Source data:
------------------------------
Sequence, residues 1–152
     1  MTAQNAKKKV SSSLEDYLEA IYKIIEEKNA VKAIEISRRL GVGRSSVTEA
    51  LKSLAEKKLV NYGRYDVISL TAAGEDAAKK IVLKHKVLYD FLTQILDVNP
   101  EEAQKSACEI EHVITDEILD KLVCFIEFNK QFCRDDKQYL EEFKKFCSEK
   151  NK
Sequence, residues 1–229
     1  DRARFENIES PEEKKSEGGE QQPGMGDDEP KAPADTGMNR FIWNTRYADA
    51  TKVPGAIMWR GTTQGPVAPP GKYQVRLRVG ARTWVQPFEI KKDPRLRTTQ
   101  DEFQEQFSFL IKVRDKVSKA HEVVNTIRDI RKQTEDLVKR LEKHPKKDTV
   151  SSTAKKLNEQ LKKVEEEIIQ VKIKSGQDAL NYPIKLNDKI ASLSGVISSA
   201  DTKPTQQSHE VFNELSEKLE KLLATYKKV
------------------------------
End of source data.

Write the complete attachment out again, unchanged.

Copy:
Sequence, residues 1–152
     1  MTAQNAKKKV SSSLEDYLEA IYKIIEEKNA VKAIEISRRL GVGRSSVTEA
    51  LKSLAEKKLV NYGRYDVISL TAAGEDAAKK IVLKHKVLYD FLTQILDVNP
   101  EEAQKSACEI EHVITDEILD KLVCFIEFNK QFCRDDKQYL EEFKKFCSEK
   151  NK
Sequence, residues 1–229
     1  DRARFENIES PEEKKSEGGE QQPGMGDDEP KAPADTGMNR FIWNTRYADA
    51  TKVPGAIMWR GTTQGPVAPP GKYQVRLRVG ARTWVQPFEI KKDPRLRTTQ
   101  DEFQEQFSFL IKVRDKVSKA HEVVNTIRDI RKQTEDLVKR LEKHPKKDTV
   151  SSTAKKLNEQ LKKVEEEIIQ VKIKSGQDAL NYPIKLNDKI ASLSGVISSA
   201  DTKPTQQSHE VFNELSEKLE KLLATYKKV